HOW TO FLAT LINE
Getting started: Start with a big, smooth cutting surface (probably your floor).
#1--Lay out the flat lining fabric, be sure it is straight and on grain (not crooked).
#2--Spread the fashion fabric 'face' up over the lining, smooth it out to remove bubbles and wrinkles, be sure the grain lines match by aligning the selvage edges. If possible, press both layers. This will help to smooth them out and creates a 'bond' between them.
#3--Pin selvage edges together so they won't shift as you work.
#4--Layout pattern as usual. Because this method uses the fabric in an open layout, without a center fold, you may need to flip some patterns to get both right and left sides.
For the bodice front pattern, tape a large piece of plain tissue to the center front line of your pattern, fold down center front and cut around the cutting lines. When cut, open tissue and you should have a full front pattern with both left and right sides. Use this same method for any pattern piece (skirt front? neckline facing?) that is also cut on a center fold line.
While laying out the pattern, consider the print of your fabric as well. Because you can see both left and right sides of the bodice clearly during layout process it is easier to locate the pattern design where you want to see it.
#5--Pin pattern pieces to the fabric and cut through both layers. Keep shears perpendicular to the cutting surface. Cutting at an angle will make the layers different sizes.
#6-- When removing the paper pattern from the fabric layers, re-pin the two layers of fabric together again. Pin away from edges to keep fabric from shifting. Each pattern piece will now be pinned together in layers like a 'sandwich'.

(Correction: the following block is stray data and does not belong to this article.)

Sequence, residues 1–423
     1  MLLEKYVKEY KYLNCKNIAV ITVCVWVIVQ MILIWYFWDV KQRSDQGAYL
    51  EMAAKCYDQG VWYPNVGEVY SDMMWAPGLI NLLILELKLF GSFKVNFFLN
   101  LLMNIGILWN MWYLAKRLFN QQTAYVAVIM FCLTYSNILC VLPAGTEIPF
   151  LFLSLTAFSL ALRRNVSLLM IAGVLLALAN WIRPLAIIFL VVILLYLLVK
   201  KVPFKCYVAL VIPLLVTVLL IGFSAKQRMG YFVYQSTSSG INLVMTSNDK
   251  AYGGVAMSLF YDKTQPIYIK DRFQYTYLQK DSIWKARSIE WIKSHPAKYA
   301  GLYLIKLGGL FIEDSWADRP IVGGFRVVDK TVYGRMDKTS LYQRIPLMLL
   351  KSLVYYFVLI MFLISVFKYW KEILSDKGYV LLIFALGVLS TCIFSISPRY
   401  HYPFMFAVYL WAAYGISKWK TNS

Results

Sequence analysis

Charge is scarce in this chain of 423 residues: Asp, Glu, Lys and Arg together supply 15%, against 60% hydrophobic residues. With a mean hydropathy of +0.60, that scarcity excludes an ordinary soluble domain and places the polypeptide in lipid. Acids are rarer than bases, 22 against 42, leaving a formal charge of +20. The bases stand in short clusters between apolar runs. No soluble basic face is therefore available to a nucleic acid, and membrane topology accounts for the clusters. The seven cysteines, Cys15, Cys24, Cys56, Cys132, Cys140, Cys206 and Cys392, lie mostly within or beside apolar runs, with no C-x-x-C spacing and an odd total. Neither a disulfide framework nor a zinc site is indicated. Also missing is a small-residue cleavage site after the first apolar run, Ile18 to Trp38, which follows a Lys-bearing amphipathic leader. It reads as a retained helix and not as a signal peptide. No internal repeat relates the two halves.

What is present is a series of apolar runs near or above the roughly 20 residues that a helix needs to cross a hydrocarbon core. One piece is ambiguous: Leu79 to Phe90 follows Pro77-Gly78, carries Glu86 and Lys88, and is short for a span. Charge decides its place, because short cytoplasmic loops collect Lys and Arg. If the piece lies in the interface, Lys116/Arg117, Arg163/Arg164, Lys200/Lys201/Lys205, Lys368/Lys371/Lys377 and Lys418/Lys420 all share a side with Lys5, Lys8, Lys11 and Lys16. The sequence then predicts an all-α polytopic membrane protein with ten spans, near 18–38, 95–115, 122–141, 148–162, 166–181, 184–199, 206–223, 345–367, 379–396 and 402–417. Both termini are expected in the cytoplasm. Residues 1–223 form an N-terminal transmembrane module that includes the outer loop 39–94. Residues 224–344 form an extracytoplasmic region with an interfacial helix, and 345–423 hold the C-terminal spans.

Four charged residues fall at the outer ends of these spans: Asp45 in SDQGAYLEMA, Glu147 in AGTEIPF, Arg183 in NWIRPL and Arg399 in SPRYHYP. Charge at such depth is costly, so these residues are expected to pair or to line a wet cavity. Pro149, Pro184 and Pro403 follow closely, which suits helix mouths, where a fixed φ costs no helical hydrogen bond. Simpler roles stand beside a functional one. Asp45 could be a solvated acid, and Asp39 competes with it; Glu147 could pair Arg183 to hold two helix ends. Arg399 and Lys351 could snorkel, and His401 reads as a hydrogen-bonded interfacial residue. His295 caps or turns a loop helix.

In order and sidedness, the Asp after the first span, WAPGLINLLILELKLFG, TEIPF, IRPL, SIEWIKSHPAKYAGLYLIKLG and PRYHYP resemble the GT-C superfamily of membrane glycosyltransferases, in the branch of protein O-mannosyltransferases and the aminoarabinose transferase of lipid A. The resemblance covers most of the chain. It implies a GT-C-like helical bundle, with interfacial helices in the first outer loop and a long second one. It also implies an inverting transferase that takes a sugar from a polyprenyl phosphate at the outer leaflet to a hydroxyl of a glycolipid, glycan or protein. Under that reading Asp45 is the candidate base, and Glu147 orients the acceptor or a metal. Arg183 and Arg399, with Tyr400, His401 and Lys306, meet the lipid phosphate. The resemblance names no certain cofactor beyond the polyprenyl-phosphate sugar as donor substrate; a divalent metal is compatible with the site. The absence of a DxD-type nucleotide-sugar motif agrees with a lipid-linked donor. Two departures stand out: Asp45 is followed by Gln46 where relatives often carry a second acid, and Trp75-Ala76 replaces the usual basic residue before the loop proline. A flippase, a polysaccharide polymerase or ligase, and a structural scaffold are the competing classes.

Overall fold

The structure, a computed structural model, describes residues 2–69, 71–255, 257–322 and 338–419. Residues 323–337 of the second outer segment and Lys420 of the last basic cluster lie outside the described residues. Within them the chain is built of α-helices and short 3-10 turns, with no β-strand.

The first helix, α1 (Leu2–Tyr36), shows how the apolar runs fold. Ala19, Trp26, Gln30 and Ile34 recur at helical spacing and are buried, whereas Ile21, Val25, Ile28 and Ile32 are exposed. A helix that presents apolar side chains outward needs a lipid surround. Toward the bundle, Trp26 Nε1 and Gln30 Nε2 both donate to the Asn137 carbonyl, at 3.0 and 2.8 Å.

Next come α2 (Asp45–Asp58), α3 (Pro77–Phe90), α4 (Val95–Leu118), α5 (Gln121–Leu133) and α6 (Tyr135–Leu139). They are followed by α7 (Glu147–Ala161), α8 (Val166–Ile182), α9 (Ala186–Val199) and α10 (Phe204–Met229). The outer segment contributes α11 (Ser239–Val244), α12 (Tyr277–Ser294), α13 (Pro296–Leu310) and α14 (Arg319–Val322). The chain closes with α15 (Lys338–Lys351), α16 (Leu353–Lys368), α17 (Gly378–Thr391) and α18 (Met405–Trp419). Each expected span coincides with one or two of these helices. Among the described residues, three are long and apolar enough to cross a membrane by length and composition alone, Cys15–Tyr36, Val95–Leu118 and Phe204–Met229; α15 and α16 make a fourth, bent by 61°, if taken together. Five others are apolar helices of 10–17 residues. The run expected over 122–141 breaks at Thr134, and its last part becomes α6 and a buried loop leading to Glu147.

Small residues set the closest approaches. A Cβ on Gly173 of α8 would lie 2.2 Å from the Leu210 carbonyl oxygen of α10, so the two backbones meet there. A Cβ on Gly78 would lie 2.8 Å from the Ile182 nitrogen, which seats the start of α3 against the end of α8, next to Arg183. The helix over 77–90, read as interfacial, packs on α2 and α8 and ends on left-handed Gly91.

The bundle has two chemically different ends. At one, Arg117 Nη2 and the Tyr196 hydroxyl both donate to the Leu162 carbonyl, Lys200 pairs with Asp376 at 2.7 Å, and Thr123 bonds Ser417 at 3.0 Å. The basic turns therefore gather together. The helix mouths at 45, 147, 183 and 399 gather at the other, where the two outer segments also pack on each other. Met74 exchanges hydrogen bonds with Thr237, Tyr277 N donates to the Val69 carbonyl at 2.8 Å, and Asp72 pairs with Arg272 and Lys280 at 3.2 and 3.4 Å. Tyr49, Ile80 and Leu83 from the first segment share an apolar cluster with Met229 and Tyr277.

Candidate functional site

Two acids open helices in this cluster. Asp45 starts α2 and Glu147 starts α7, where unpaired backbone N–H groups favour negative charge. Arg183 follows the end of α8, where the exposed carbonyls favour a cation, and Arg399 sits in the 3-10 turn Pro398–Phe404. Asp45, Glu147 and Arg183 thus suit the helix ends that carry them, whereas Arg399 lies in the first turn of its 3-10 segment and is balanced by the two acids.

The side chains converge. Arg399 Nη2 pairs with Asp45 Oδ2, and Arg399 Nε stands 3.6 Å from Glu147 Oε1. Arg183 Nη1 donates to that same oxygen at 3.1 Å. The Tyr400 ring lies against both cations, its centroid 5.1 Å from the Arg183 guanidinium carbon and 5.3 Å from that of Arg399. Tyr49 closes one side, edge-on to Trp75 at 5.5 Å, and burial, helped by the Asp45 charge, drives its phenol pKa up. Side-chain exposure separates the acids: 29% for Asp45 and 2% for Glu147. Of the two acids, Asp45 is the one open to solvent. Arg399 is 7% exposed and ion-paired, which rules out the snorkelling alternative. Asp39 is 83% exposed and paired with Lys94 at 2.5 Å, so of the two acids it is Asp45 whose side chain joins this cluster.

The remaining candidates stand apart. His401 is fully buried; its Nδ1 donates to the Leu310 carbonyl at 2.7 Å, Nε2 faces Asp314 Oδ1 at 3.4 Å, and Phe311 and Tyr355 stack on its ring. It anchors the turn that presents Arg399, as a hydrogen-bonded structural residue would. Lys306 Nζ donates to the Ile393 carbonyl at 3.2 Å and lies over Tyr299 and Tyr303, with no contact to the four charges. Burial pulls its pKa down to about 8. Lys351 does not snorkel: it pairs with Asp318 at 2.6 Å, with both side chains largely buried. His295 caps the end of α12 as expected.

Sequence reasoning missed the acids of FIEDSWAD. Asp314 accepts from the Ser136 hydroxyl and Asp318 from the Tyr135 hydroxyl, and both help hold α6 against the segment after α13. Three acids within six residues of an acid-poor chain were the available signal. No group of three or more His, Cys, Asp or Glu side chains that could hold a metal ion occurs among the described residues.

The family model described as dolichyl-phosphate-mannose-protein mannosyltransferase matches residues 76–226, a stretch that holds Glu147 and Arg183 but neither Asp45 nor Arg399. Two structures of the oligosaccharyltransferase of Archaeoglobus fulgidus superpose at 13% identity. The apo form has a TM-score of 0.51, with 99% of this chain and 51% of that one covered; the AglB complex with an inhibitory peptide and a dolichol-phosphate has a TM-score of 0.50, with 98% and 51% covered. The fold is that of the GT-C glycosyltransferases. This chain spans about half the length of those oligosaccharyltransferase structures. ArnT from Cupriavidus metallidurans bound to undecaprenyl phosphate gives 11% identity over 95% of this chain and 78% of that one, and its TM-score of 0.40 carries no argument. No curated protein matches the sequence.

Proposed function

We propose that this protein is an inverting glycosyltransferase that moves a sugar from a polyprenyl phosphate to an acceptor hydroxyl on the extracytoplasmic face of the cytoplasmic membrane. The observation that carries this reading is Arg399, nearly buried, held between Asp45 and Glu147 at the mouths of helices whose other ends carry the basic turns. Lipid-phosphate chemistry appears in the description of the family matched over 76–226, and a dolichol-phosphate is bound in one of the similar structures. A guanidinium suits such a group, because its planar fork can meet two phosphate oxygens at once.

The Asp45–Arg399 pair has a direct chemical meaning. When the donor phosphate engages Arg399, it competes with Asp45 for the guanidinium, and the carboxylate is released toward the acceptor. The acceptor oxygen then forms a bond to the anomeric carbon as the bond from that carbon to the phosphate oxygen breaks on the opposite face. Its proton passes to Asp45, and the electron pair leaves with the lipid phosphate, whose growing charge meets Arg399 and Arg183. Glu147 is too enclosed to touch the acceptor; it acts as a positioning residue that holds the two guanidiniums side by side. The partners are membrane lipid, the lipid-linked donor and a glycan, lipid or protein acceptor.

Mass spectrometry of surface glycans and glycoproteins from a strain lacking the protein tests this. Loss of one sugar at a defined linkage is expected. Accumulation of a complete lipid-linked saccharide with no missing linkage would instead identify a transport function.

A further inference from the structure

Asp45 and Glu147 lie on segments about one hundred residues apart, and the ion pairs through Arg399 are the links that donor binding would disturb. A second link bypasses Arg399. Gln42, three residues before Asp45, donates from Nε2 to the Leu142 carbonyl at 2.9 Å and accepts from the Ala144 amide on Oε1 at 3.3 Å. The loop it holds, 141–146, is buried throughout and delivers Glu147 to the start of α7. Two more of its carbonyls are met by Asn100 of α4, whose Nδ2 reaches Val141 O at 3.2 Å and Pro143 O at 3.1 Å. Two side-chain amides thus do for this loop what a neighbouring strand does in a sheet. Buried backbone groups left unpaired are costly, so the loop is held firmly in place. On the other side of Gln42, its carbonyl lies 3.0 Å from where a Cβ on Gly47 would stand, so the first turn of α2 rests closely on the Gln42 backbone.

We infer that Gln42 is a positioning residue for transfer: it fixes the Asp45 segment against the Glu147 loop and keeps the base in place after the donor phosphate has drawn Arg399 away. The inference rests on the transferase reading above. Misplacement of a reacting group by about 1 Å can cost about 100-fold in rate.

#7--Machine sew around each fabric 'sandwich' piece using 1/4" seam lines and a medium length stitch. MODERN: use an overlock to clean finish all edges instead, but don't trim off fabric or you will reduce the pattern size (!!!)
#8--Your flat lining process is complete. Now proceed with marking darts on the inner layers and preparing to sew.
Sew your dress as usual, following pattern instructions and refering to your sewing books for more details. Remember to press the seams open because the extra layers will add up to more bulk.
I think you will be happy with the results. Let me know if you have further questions about this technique.
Throwback Thursday: This popular post was edited and re-posted from an original article dated 7/28/2010.
Thursday, September 3, 2015
Wednesday, September 2, 2015
Vintage women's spring and summer sportswear during the 1950's opened new ideals for leisure fashion. Pants in all forms became an option to a cotton sun dress as women played sports and sunned on their vacations and at home on the weekends. These were often designed as separates with matching details like the the two outfits shown here by "Paddle and Saddle".
The halter and shorts set is a simple design, with an accent edge of bias cut gingham check to spice up the look.